Mistovich’s Prehospital Emergency Care has a section that does integrate respiratory and cardiovascular systems into the concept of perfusion, as well as linking patient presentation/vital signs to compensatory responses. It’s limited, given that it’s aimed at EMTs, but it’s surprisingly good at explaining the basic concepts. Paramedic textbooks probably need to adopt a similar approach – rather than presenting a confused, limited set of facts, they need to deliver something that readers can relate with clinical presentations. The confused, overlong “pathophysiology” chapters are getting to the point where they’re a chore to read through and end up confusing too many people – they show no real clinical relevance, because that’s all fallen by the wayside in pursuit of trying to cram more concepts in there.
At this point it’s tempting to just scrap the paramedic textbook, rely on a basic EMT book like Prehospital Emergency Care for your fundamentals, and start using a medical textbook like Tintinalli’s Emergency Medicine in conjunction with a good pathophysiology textbook – such is the state of paramedic textbooks. I still have hope that we’ll turn away from these overly long, somewhat confusing books… but so far, the industry seems intent on proving me wrong.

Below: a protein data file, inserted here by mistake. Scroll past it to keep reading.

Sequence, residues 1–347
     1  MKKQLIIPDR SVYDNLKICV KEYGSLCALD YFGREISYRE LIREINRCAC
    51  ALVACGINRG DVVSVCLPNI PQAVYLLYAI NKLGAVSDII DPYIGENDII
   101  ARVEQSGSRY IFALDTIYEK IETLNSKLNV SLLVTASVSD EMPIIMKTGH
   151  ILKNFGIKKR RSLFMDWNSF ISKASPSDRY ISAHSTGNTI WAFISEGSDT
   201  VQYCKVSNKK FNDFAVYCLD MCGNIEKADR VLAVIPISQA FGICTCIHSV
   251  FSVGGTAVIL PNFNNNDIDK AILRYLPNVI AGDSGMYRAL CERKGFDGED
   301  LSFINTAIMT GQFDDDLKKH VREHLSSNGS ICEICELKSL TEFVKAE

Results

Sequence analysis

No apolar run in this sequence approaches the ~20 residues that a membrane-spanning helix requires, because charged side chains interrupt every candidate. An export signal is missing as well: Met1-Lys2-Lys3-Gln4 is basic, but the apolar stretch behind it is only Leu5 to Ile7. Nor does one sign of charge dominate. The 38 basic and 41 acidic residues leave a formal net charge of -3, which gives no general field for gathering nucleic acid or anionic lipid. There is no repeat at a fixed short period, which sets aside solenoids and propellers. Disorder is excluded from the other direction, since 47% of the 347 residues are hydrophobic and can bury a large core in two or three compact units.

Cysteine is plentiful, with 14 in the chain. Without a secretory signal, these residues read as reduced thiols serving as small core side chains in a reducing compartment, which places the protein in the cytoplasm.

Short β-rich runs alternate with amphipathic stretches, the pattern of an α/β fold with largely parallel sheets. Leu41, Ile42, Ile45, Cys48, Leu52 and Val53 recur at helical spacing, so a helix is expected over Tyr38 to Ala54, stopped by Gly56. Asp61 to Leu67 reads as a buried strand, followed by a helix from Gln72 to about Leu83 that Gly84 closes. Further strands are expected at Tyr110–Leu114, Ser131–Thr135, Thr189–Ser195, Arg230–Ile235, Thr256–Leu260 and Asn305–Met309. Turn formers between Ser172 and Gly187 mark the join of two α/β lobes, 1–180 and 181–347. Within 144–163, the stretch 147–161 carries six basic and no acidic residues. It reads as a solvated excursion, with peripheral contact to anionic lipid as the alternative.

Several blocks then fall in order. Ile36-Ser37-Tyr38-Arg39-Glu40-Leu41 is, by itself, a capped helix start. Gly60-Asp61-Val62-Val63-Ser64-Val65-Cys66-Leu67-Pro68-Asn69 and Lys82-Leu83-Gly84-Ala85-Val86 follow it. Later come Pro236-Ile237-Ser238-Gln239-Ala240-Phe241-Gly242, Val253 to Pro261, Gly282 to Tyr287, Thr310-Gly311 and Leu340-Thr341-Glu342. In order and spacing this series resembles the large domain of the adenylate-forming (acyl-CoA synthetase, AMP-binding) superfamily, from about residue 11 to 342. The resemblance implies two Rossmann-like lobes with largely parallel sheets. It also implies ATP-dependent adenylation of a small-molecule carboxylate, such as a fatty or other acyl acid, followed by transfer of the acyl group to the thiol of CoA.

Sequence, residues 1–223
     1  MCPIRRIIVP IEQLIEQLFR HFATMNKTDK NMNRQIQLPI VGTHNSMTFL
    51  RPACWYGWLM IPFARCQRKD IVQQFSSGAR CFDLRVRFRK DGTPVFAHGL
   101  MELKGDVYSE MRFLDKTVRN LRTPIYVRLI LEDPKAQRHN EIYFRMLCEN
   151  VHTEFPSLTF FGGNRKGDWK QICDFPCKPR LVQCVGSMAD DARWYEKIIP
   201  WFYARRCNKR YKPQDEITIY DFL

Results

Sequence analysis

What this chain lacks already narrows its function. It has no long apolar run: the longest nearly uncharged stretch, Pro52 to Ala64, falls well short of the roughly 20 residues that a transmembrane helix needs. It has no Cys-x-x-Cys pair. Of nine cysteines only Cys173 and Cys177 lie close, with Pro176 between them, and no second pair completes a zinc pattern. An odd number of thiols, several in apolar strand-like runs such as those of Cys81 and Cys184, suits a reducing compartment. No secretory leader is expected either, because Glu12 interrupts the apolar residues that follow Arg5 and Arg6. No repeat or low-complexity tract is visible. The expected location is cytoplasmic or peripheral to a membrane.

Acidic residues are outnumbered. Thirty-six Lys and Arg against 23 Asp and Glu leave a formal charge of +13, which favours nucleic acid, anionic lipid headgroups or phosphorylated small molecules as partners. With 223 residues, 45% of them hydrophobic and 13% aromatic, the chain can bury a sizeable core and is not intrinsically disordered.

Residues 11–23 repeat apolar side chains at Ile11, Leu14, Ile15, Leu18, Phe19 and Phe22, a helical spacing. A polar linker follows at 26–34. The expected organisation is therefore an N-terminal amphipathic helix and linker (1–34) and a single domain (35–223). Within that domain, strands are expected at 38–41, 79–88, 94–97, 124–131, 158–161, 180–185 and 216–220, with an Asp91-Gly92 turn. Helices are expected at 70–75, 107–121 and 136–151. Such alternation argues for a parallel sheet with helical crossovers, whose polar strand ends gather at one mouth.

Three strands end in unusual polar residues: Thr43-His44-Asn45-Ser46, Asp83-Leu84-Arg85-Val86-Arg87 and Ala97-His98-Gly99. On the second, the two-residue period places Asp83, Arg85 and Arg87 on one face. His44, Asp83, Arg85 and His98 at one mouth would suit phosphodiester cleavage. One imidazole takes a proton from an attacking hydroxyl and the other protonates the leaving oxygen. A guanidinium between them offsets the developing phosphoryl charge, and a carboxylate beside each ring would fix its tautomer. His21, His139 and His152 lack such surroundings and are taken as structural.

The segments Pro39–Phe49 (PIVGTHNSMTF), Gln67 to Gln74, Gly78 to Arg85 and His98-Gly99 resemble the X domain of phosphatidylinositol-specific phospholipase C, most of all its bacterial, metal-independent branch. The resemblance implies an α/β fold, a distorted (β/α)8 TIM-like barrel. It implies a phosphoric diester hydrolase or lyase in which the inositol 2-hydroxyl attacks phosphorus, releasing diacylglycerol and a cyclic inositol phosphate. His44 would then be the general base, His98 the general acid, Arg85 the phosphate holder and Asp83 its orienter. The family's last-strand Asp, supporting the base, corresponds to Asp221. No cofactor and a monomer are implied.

So how can you improve your own understanding of perfusion? If you’ve only ever relied on your paramedic textbook, get a good pathophysiology textbook and start reading. You may need an anatomy/physiology textbook first to help with your understanding, although there are a few decent pathophysiology books that also cover anatomy and physiology to a sufficient depth. This provides a much better understanding than any paramedic textbook of how the body works and breaks. Start to integrate respiratory function with perfusion – remember the importance of the stuff in the blood, not just the blood itself. Revise early signs of shock and how they relate to the compensatory responses. It’s largely up to us as clinicians to integrate this knowledge, and then to pass it on to our students. By moving away from isolated systems and into a holistic, integrated approach, we’ll deliver better patient care. We just need to explain it to the new medics who are so focused on PIPESPUMPFLUID that they forget the patient is anaemic and carrying bugger all oxygen.